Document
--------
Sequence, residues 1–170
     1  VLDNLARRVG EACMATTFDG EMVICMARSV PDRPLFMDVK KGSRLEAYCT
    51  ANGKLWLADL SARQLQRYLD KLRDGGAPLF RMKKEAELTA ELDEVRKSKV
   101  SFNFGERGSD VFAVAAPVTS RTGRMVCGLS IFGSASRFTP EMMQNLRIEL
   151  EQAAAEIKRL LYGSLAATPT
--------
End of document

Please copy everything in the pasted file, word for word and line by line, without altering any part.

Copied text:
Sequence, residues 1–170
     1  VLDNLARRVG EACMATTFDG EMVICMARSV PDRPLFMDVK KGSRLEAYCT
    51  ANGKLWLADL SARQLQRYLD KLRDGGAPLF RMKKEAELTA ELDEVRKSKV
   101  SFNFGERGSD VFAVAAPVTS RTGRMVCGLS IFGSASRFTP EMMQNLRIEL
   151  EQAAAEIKRL LYGSLAATPT